Wooden Toy Vehicles: SOLIDWORKS Tutorial

As a Toy Designer, SOLIDWORKS couldn’t be more useful for bringing my ideas and designs to life! For this tutorial, I wanted to show you how I could design a wooden toy vehicle within SOLIDWORKS and export a DXF file from a part to create and fill with my own custom decal within a vector software. Then be able to bring that decal back into SOLIDWORKS and apply it to my model. Not only that, but I can animate my designs using SOLIDWORKS motion analysis and render the whole thing with SOLIDWORKS Visualize. For the tutorial, we will be focusing on the recycling truck, all the files needed for the tutorial are available to download here 

Starting with the vehicle shape, I extrude the recycling truck body, and cut wheel arches into the body, mirroring the feature on each side. One thing to note, when I design anything like this, I never include my fillets within the sketch, they are always applied as individual features, it’s much easier to edit or remove the fillets this way. Once I have my vehicle shape, I can select the side face of my vehicle, save as and change the file type to DXF. When the DXF output options open, under export, I ensure I have faces, loops and edges checked. A preview of the DXF will appear if I’m happy with the selection I can hit save. From this point, I move into a vector software, where I can import the DXF file as a vector sketch and fill the sketch with my decal artwork. The best thing about working this way, is that I know that my decal will fit my part model exactly when I apply it in SOLIDWORKS. For the front and back decals of the vehicle, I could use simple rectangular sketches based on the dimensions of my vehicle to create the decals to fit.

One thing I wanted to show in this tutorial was how I use a colour image swatch to colour select and match appearances to my decals. While in SOLIDWORKS, I opened the recycling truck color swatch jpeg to the side of the SOLIDWORKS window, (again this is also in the download file above). With the swatch visible, I can take the color picker tool and pick from the green swatch created in the vector software which is the same color used to create my decal. You can see below how well it matches my appearance color to the decal below. If I try to take the color from the decal within SOLIDWORKS, you will see in the tutorial that the color is not picked up well, so I always use a color swatch created from the same properties as my decals.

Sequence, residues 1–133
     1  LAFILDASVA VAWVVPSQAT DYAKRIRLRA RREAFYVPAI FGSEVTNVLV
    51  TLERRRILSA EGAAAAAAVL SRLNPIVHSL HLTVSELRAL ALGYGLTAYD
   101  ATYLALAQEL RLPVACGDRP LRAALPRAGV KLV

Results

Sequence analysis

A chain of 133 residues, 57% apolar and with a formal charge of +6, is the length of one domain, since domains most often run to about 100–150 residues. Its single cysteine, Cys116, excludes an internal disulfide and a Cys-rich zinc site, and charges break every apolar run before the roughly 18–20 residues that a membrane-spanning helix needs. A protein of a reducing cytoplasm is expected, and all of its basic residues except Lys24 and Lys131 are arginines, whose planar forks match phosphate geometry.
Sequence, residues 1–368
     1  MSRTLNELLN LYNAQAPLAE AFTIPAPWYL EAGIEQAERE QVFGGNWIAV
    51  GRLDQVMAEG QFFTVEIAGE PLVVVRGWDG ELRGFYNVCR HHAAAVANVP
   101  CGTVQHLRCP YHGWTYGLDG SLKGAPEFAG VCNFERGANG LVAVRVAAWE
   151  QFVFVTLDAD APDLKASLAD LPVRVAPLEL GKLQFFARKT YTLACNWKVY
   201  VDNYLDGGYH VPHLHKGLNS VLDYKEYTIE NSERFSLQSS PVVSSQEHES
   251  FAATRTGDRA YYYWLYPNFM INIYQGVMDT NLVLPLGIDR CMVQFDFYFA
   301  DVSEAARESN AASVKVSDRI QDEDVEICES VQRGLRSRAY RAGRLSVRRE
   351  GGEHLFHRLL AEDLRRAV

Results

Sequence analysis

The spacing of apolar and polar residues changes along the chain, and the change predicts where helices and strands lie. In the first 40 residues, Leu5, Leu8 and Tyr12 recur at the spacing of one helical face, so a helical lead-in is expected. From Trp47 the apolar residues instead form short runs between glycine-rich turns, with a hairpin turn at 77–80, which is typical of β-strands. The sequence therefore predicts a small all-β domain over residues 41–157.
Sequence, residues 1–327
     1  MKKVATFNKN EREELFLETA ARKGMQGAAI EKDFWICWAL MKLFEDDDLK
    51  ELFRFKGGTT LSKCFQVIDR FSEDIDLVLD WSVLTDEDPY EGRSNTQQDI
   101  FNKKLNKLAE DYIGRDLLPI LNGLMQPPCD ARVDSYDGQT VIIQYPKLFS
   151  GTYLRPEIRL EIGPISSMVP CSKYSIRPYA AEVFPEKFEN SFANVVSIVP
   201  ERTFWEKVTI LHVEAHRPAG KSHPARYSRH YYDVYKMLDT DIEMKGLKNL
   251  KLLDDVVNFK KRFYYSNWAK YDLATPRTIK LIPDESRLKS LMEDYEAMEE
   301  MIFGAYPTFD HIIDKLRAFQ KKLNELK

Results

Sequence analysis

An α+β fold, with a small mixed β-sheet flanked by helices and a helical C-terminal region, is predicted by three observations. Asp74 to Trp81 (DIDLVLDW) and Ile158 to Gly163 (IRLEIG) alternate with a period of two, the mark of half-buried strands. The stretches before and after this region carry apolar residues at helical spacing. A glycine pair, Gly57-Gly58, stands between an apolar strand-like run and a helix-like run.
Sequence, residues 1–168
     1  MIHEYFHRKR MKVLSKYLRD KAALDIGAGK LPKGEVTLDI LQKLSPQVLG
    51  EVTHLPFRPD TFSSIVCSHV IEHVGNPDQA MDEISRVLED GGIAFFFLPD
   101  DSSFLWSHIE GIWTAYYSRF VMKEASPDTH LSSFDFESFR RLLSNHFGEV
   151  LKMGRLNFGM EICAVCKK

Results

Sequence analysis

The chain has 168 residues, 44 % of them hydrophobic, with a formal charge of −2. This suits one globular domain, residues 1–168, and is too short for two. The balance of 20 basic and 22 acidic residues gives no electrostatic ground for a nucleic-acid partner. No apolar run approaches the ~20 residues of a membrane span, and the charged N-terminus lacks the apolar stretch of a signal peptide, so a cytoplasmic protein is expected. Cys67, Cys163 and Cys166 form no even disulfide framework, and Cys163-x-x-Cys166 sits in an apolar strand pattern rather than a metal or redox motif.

Once all three decals are applied, I can make an assembly from part and add some wheels! The wheels would normally be a 3-part file at least, consisting of the axle and two wheels. But for the ease of the tutorial and my motion study I designed them as one whole part. I applied concentric mate, ensuring lock rotation is unchecked to the wheel axles and the holes in the truck. Then to center them within the truck, I used advanced mates, and the width mate. I used two opposite faces of the wheels, then the two opposite wheel arch cut faces to center the axles within the truck. At this point, you can drag the wheels while the truck part is fixed to see them rotate within the vehicle.

With the recycling truck finished, I take you through a little snippet of how I used a SOLIDWORKS assembly and some mates to create the motion study for the final animation you see at the end of the tutorial video. When you see the full assembly, you can see the road base I designed for the cars to go on. Under the parts tree, you’ll see that I assembled each vehicle within the assembly, this is easier than working with sub-assemblies within an assembly. Each vehicle also has a path mate attached to it, for it to follow in the motion study. Looking at the road part. The sketch used to create the path sketches are traced, originally, they were created with lines and arcs, but these were made into construction sketches, and traced over with a whole spline. The spline works so much better than any other sketch when creating a path as it is continuous, so points do not interfere, and when the spline is selected as a path, the whole line highlights without having to use the selection manager.

Looking at the motion study, I used a motion analysis, and had gravity applied. Rotary motors were added to each set of wheels to give the appearance of them moving. The reason for this is because if the part is following or being driven by the path motor, the wheels won’t move. To add path motors, you need the vehicles to have path mates, each vehicle is attached to its path with a little guideline sketch, this is mated onto the path almost like a Scalextric car on its track. You can set the speed of the path motors and decrease or stop them at different points of the animation. For my path mates, the path constraint is on free, but the pitch/yaw control, which is the direction of the part to the path, has follow path along the vehicles x-axis is checked. Roll control is on free because the wheels of the vehicles have all been attached to the road part with tangent mates, so the vehicles will stay up right. My final study was exported into SOLIDWORKS Visualize to be rendered into an animation, you can see this at the end of the tutorial.


I am a 3D Designer and SOLIDWORKS Blog Contributor from the UK. I am a self taught SOLIDWORKS user, and have been using it to inform and create my designs since 2012. I specialize in the design of Ceramics, Home Accessories and Wooden Toy Design.